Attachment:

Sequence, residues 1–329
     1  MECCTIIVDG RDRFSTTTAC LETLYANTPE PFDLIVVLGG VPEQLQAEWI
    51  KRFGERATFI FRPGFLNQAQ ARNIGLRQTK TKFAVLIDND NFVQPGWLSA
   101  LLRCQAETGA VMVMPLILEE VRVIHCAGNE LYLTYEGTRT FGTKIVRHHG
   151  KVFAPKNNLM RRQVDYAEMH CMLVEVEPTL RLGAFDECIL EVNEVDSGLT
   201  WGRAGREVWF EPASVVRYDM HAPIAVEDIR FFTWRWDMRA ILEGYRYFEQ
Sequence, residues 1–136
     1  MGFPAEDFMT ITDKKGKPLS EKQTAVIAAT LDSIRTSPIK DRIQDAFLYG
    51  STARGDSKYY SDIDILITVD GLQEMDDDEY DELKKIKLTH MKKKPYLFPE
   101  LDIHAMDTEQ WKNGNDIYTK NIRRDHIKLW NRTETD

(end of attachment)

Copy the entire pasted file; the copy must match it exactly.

Sequence, residues 1–329
     1  MECCTIIVDG RDRFSTTTAC LETLYANTPE PFDLIVVLGG VPEQLQAEWI
    51  KRFGERATFI FRPGFLNQAQ ARNIGLRQTK TKFAVLIDND NFVQPGWLSA
   101  LLRCQAETGA VMVMPLILEE VRVIHCAGNE LYLTYEGTRT FGTKIVRHHG
   151  KVFAPKNNLM RRQVDYAEMH CMLVEVEPTL RLGAFDECIL EVNEVDSGLT
   201  WGRAGREVWF EPASVVRYDM HAPIAVEDIR FFTWRWDMRA ILEGYRYFEQ
Sequence, residues 1–136
     1  MGFPAEDFMT ITDKKGKPLS EKQTAVIAAT LDSIRTSPIK DRIQDAFLYG
    51  STARGDSKYY SDIDILITVD GLQEMDDDEY DELKKIKLTH MKKKPYLFPE
   101  LDIHAMDTEQ WKNGNDIYTK NIRRDHIKLW NRTETD